Helping a Distressed Student: A Faculty and Staff Guide
Every year one out of ten Stanford students gets help from Counseling and Psychological Services (CAPS). Many students approach CAPS directly. However, some may turn to you first for help because they respect and trust you as a mentor, advisor, staff or faculty member.
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You may also be the first one to recognize when a student needs help and can guide him or her to professional resources. Please note that the following examples of student appearance, behavior and expressions of distress are cause for concern.
- Swollen or red eyes
- A change in personal hygiene or dress
- Dramatic weight loss or gain
Marked Behavior Changes:
- Poor performance and preparation
- Excessive absences or tardiness
- Repeated requests for special consideration, especially when accompanied by a change in attitude
- Unusual or changed pattern of interaction
- Avoids participation
- Dominates discussions
- Excessive anxiety when called upon
- Disruptive behavior
- Problems with roommates or family
- Exaggerated emotional responses that are inappropriate to the situation
- Depressed, lethargic mood
- Hyperactivity or very rapid speech
- Strange or bizarre behavior indicating a loss of contact with reality
Expressions of Distress:
- Feelings of helplessness or hopelessness
- Isolation from friends or family
- Verbal or written threats of violence
- Overt references to suicide
Urgent concerns involve disturbed thoughts, feelings or actions so severe that an immediate response is needed. These can include the following:
- Suicidal intentions
- A threat of violence or imminent harm to others, either by intention, error in judgment or passive neglect
- Confusion, disorientation, hallucinations or delusions
- Extreme anxiety or obsessive thinking
Severe distress may be precipitated by a traumatic event, such as a sexual assault, loss of a relationship, or death of a friend or family member.
What To Do
If you believe that imminent danger or harm to a student or someone else exists, immediately call the police for assistance. To help assess the situation, call CAPS at (650) 723-3785.
A CAPS on-call clinician is available 24 hours a day for these urgent situations. Identify yourself as a Stanford faculty or staff member and indicate the urgency of your request (say whether you need a response immediately, within the hour or the same day). Leave a phone number where you can be reached. After weekday hours, our answering service operator will take your phone number and page the CAPS on-call clinician who will return your call within 20 minutes.
Be concerned if you observe any of the following:
- Alcohol or drug intoxication
- Paranoia or agitation
- Impulsive behavior
- Recent acts of violence, including damage to property
- Verbal or physical threats
- Threatening actions or objects that may be used as weapons
What To Do
Protect yourself. Be alert to the potential for violence. Know as much about the situation as possible before meeting the student. Survey the scene for immediate hazards. Resist dealing with the situation alone; enlist the help of others.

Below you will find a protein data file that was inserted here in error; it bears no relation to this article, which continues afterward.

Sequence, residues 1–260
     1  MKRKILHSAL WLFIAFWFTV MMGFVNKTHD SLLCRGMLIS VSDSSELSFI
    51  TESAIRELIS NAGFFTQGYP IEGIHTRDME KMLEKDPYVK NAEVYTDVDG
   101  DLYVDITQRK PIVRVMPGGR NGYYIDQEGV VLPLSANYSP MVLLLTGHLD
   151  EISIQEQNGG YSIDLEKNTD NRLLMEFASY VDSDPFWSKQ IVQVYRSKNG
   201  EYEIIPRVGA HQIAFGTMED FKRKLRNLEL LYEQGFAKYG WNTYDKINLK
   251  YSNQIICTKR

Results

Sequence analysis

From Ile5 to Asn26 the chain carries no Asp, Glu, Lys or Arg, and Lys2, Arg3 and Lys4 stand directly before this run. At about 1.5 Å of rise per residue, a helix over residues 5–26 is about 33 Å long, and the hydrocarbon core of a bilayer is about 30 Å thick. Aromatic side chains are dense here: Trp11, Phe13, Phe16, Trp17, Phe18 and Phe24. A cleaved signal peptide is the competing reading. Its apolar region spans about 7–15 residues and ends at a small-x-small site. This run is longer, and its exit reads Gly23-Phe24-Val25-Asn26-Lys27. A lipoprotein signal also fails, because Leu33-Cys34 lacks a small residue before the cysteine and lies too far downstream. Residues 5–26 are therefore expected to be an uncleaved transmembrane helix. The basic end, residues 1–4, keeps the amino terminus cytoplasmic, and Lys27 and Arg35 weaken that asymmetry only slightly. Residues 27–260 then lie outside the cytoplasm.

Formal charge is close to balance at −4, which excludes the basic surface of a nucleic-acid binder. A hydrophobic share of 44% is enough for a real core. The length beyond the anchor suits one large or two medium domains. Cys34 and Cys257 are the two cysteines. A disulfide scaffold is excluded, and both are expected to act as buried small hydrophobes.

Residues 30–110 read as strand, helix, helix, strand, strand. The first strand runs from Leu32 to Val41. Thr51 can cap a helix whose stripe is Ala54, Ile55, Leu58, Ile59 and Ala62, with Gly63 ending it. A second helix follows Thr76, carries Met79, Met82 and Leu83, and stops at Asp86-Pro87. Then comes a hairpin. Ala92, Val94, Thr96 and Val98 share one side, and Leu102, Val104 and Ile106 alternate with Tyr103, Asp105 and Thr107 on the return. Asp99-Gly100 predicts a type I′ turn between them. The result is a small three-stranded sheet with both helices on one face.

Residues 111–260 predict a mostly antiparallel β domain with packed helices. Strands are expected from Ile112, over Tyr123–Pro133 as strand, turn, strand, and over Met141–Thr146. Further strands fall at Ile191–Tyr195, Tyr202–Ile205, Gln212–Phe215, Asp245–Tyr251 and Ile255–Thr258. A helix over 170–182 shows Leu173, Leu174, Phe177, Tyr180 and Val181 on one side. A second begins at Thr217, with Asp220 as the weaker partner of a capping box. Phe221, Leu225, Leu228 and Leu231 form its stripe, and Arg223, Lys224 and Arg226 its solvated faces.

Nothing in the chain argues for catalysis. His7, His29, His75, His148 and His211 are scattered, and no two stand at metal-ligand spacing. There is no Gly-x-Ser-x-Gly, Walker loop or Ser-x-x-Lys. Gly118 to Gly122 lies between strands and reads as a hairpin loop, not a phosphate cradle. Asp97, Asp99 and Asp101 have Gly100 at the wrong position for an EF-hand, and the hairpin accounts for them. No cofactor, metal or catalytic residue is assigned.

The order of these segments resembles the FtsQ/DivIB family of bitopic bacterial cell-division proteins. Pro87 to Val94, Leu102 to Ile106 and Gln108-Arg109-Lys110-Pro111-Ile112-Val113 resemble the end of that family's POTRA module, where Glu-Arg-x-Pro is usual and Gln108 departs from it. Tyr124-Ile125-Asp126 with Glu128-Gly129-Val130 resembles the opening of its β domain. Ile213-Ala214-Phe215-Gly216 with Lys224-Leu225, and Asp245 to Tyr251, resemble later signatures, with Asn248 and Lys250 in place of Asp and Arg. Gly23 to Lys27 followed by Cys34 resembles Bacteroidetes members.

Abstain from provoking violence. Approach the individual in a non-threatening way. Speak in a calm, reassuring manner. Never confront or threaten students who seem paranoid or aggressive. Refrain from touching the person if you can and avoid physically restraining anyone who is agitated. If you are attacked, use only enough force to contain the person.
Be firm, but gentle. Let the student know that violence is not acceptable. It is often helpful to change the environment. Get the student to a calm, quiet place (away from environmental stimuli, such as noise, lights and people). Also try to avoid crowds or sources of anger.
In a non-urgent situation, talk with the student about your observations and concerns. Such acknowledgment often encourages them to get help. Try the following approaches:
- Be direct, specific and nonjudgmental
- Spell out your specific concerns and ask how you can help
- Express concern (rather than shock, dismay, fear or anger, which may further upset the student)
- Listen carefully to understand his or her point of view
If you have questions about how to best handle a situation, the counseling staff at CAPS are ready to help. A consultant who supports faculty and staff in dealing with student concerns is assigned to each academic department. CAPS counselors assist in the following ways:
- Help assess the situation and its seriousness
- Propose possible interventions
- Explore resources, both on and off campus
- Find the best way to make a referral, when appropriate
- Help you clarify your own feelings about the student, so you can be more effective
- Discuss follow-up concerns after your initial action
Making a Referral
Point out that help is available and encourage the student to go to CAPS. If the student agrees, you can facilitate this by arranging the appointment while the student is still with you. Emphasize that seeking help is a sign of strength and courage (not weakness or failure). In a similar vein, seeking professional help when you have problems with your car, health or the law is a smart thing to do.
When you refer students to CAPS, ask them to let you know about their experience with us. This is important because we cannot divulge any confidential information (including whether or not counseling was given) without written consent.
Arrange to meet with the student again. Your follow-up can solidify the student's resolve to get appropriate help. It also demonstrates your commitment to assist with the process. Later, ask the student if he or she kept the appointment with the CAPS clinician and how it went.